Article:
July 17, 2007, 11:50 am
Not to prolong the eulogizing over Antioch College’s demise, but apparently there is a theory — popular among a certain demographic — that the college’s closure has to do with CIA infiltration in the board of trustees and secretive ties to the military-industrial complex:
At the time of its announced closure, Antioch College, perhaps America’s most progressive and well-known peace college, had a few visible capitalist hawks on its Board of Trustees.
Bruce P. Bedford, one of only three Trustees not a former alum, had been appointed to the board of Arlington, Virginia company GlobeSecNine in 2005. The company is described by a representative of investment corporation Bear Sterns as having “a unique set of experiences in special forces, classified operations, transportation security and military operations.” One can only speculate why the nation’s longest-standing…
May 3, 2007, 10:08 am
InsideHigherEd.com has this story about the controversy surrounding a course called “Dimensions of Culture”, an introductory social science sequence for freshmen at UC San Diego’s Thurgood Marshall College. The controversy seems to revolve around the firings of two graduate students who were trying to drum up support for returning the course to its ideological roots. Specifically, the grad students charge that the course has become “a form of uncritical patriotic education that fails to interrogate the injustice integral to the founding of the U.S. and the current state of U.S. society.” The course, as advertised is:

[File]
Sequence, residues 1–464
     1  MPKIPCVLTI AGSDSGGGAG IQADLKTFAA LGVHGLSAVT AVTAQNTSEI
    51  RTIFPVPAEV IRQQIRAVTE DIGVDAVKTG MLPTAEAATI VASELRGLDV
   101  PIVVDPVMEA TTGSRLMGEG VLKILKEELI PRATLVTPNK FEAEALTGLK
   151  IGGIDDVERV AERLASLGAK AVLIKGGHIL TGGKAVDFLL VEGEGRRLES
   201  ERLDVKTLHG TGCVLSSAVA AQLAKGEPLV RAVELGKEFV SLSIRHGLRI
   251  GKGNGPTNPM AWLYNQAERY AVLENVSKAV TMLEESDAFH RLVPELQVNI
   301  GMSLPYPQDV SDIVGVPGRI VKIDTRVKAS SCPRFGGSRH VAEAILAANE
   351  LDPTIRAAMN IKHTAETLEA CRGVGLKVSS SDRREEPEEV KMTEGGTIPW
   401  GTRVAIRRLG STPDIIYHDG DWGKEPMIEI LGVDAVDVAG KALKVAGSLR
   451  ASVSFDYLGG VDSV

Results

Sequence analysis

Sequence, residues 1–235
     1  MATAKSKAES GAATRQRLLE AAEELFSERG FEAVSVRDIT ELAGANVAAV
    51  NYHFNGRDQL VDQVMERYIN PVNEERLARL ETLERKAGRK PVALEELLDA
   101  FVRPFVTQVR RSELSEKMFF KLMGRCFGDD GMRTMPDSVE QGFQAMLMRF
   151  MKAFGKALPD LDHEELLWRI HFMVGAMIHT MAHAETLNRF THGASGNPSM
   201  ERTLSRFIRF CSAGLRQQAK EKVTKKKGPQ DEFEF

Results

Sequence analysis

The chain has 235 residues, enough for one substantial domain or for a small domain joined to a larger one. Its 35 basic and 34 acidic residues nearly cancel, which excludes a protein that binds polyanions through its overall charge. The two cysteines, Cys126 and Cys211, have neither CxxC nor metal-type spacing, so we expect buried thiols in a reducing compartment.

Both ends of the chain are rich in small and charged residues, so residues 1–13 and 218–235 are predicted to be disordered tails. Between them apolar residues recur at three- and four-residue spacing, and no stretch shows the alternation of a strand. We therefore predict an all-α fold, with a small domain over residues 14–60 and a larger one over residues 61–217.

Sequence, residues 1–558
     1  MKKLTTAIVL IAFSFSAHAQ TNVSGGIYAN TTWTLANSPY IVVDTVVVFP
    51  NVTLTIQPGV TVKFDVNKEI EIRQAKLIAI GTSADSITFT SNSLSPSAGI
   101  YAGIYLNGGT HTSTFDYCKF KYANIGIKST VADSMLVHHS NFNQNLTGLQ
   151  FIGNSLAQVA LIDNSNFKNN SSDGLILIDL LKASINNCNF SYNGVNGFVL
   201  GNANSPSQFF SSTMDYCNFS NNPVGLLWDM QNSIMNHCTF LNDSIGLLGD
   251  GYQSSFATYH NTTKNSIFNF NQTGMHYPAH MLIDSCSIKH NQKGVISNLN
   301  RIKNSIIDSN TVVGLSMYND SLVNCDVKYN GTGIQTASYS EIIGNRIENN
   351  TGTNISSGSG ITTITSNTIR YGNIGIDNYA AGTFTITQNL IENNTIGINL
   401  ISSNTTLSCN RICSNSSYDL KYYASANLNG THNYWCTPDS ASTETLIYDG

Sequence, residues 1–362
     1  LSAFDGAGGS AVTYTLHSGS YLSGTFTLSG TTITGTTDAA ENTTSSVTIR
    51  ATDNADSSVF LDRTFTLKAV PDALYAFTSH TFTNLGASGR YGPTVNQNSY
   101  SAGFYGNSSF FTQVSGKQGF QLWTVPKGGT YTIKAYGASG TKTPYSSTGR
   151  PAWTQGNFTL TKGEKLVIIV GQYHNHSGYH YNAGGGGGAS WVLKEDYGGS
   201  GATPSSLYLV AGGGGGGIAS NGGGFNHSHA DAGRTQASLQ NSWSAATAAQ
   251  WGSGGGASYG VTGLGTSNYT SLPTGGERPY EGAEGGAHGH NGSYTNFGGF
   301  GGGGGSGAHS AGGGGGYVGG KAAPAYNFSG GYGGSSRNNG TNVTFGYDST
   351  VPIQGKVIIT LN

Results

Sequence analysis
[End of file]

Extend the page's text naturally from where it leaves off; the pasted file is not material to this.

a study in the social construction of individual identity in contemporary America and it surveys a range of social differences and stratifications that shape the nature of human attachment to self, work, community, and a sense of nation. Central to the course objective is…
May 2, 2007, 11:57 am
I love old books, especially textbooks and particularly math textbooks. RightWingProf’s post here explains why, as he walks us through a page out of his old high school algebra textbook.
The excerpts in his post are typical of a lot of older high school texts in math. The language used in the problems is standard grade-appropriate English which a lot of students today, college students included, would be hard-pressed to understand on first reading. They problems don’t shy away from fractions or inconvenient numbers. (Why do so many high school math books these days think they’re offending somebody if they use the number -175/33 as an answer?) And, perhaps surprisingly, the problems are firmly rooted in practical applications and demand a lot of what I would call critical thinking from students. (Look at Exercise 13 at Prof’s post.) Somehow one might expect older books to be more…